Many in the industry also point to a consistent shortage of drivers as a top safety and operational problem. Trucks driven by artificial intelligence that rely on sophisticated cameras and lidar sensors are thought as a way to combat both issues.

The coalition believes that “autonomous vehicle technology holds the potential to improve safety, enhance mobility, and transform how goods and passengers move.” The coalition’s existing members include Argo AI, Aurora, Cruise, Ford, Lyft, Motional, Nuro, Uber, Volvo Cars, and Waymo.

“We’re excited to welcome Embark, Kodiak and TuSimple,” said Ariel Wolf, counsel to the Coalition. “By adding their voices to our work with federal, state and local policymakers, the Coalition enhances our commitment to make self-driving technology’s transformative potential a reality on America’s roads and highways.”

TuSimple, founded in 2015, is the most recognizable of the three, and has 40 test trucks operating in the American Southwest currently, with a deal in place with Navistar to automate a version of the International LT Series. UPS is a partner on routes and an investor. The San-Diego based startup has raised more than $300 million and this year put out a call for $250 million in Series E funding.

“We’re proud to join the Self Driving Coalition and to advance autonomous driving technologies which will help make roads safer and more efficient for everyone,” said Jim Mullen, chief administrative and legal officer of TuSimple (and former FMCSA administrator). “Our working relationship with the DOT, state and local officials has been very productive, and we look forward to joining efforts to collectively bolster the AV industry’s efforts to collaborate with government officials to bring this transformational technology to market safely and reliably.”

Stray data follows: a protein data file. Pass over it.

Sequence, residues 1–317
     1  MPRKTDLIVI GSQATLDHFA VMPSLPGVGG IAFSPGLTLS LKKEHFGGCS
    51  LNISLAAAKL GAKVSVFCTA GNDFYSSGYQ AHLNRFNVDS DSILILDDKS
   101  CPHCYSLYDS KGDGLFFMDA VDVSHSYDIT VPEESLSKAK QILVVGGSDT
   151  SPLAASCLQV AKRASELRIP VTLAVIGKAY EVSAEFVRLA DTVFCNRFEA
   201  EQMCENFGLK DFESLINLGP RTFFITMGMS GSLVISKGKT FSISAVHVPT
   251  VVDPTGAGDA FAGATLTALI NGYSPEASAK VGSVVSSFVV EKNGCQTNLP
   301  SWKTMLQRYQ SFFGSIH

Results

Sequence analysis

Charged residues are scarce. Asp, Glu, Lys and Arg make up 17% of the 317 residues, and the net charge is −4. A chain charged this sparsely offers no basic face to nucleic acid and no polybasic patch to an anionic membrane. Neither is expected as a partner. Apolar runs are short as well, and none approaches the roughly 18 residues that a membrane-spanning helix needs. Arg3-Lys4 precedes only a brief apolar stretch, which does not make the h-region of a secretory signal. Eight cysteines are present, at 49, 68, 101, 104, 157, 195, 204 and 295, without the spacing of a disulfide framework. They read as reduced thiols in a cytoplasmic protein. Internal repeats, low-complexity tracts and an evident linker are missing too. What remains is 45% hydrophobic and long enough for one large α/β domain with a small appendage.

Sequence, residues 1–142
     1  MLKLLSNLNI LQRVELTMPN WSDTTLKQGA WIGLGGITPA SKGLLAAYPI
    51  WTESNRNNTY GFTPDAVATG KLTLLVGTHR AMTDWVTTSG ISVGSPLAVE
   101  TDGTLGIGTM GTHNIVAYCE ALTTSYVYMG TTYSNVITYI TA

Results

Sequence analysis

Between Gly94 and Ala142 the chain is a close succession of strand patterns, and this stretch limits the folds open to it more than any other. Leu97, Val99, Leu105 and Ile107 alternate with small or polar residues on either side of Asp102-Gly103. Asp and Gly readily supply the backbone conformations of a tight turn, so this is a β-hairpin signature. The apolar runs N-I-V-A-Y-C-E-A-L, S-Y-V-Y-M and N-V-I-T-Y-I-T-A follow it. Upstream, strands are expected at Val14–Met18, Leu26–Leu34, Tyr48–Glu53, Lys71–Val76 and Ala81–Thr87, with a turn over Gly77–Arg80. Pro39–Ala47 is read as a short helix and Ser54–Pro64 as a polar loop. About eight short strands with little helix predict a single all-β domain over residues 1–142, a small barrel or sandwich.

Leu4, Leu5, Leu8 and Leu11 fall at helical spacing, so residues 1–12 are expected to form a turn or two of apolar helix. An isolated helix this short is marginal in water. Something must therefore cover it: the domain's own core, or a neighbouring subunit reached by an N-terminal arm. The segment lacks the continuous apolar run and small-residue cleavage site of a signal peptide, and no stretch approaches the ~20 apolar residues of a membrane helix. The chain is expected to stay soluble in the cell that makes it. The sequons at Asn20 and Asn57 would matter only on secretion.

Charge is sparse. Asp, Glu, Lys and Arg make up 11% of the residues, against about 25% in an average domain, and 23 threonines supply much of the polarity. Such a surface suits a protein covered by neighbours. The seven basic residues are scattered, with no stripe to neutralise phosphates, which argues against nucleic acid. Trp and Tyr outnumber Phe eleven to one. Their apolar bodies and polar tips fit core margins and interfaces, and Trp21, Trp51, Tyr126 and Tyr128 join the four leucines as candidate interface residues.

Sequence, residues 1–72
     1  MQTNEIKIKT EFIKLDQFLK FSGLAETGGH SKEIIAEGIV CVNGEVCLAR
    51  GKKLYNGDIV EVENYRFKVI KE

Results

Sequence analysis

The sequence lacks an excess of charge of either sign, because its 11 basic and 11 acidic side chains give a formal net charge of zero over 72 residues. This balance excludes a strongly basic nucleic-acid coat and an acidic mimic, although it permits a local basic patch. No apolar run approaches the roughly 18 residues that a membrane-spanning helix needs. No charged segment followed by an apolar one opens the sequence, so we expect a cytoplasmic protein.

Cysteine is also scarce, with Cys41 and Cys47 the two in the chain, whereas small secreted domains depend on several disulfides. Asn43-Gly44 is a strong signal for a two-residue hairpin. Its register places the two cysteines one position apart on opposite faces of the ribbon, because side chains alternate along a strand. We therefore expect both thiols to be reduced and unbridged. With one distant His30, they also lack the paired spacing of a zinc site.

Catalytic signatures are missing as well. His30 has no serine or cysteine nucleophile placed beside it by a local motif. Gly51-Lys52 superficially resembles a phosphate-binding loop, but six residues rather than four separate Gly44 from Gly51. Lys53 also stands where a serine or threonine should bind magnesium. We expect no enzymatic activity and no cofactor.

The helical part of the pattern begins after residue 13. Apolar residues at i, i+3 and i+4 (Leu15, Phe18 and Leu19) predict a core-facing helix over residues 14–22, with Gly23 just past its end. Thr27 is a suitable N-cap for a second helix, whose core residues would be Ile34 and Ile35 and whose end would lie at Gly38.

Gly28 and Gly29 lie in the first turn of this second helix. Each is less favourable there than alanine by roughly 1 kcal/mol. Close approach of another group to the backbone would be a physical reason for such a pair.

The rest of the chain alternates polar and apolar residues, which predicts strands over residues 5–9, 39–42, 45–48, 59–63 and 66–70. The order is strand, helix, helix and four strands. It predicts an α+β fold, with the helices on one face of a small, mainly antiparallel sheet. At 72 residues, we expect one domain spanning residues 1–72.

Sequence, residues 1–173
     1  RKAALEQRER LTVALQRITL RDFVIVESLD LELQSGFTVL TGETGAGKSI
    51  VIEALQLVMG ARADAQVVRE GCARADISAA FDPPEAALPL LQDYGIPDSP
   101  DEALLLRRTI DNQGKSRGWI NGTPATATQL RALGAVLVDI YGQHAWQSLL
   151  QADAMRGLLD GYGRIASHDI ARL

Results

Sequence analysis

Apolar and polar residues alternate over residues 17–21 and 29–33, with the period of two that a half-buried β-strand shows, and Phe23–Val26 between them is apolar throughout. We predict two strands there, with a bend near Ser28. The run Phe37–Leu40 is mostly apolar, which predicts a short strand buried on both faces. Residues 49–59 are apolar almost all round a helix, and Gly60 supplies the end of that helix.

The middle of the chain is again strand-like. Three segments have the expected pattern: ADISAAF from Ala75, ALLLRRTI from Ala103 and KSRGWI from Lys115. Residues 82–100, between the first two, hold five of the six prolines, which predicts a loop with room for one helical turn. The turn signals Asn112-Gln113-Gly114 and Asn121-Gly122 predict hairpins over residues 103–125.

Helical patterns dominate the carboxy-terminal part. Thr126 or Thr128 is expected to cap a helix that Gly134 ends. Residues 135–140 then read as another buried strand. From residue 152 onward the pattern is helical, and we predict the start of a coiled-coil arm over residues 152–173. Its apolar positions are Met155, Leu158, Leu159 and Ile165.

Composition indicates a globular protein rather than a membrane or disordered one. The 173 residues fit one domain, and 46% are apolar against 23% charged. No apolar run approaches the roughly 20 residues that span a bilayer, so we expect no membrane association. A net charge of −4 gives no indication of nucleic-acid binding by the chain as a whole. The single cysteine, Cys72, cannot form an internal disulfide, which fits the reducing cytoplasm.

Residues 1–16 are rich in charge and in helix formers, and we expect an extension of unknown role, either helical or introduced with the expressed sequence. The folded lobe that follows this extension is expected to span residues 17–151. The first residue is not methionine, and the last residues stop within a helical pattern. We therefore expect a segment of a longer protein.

Embark’s 25-year-old CEO Alex Rodrigues came up with the idea for the company he co-founded when his car’s tire blew out on the highway. As he waited several hours for a repair truck, he saw many of the 18-wheelers rolling by had signs pleading “Drivers Wanted.”

“The American Transportation Research Institute estimates there is currently a shortage of 100,000 truck drivers in the industry, which is poised to only get worse as baby boomer drivers - the bulk of the industry’s workforce - retire over the next decade,” Rodrigues said in 2017 when Embark’s first Peterbilt began testing in Nevada. “Embark's goal is to increase productivity per driver and prevent the shortage from becoming a crisis.”

Four years later, Embark has raised at least $117 million and has 13 self-driving semis.

“The safety and efficiency benefits of self-driving technology are especially pronounced in freight trucking," said Rodrigues. "Embark has been working closely with federal and state officials to realize these benefits since our founding in 2016. We are excited to add our voice and trucking perspective to the Self-Driving Coalition and ensure businesses and consumers who rely on freight trucking can benefit from self-driving technology."

Kodiak Robotics, founded in 2018, started hauling between Dallas and Houston the following year using Kenworth trucks loaded with its suite of self-driving tech.

“We’ve long admired the work of the Self-Driving Coalition, and are thrilled to join given our shared commitment to improving roadway safety by bringing self-driving vehicles to American highways,” said Don Burnette, CEO of Kodiak Robotics. “Self-driving trucks will likely be among the first AVs most Americans see on the road at scale – we look forward to working with the Self-Driving Coalition to engage with policymakers and the public at large on this critical technology."






At the moment, the only system that would be capable of servicing such vehicles would be the proposed SmartNet dual fuel service stations, using modular energy vending, where such vehicles do not need human assistance to replenish their energy reserves, where blue is the new green, helping to cool our climate.


Allied to this is PAYD (Pay As You Drive) billing, also seen as a necessary function for autonomous, unmanned, self-driving, robotic vehicles, is helping to make the world a better place.
















SMART SERVICING FOR ROBOT VEHICLES - Those looking for a future proofed infrastructure for renewably sourced energy for smarter cities and electric vehicles, may want to consider the new breed of self driving passenger cars, taxis, and commercial trucks that will benefit from automated recharging if they are to be fully autonomous in operation - most especially unmanned robotic taxis and freight vehicles.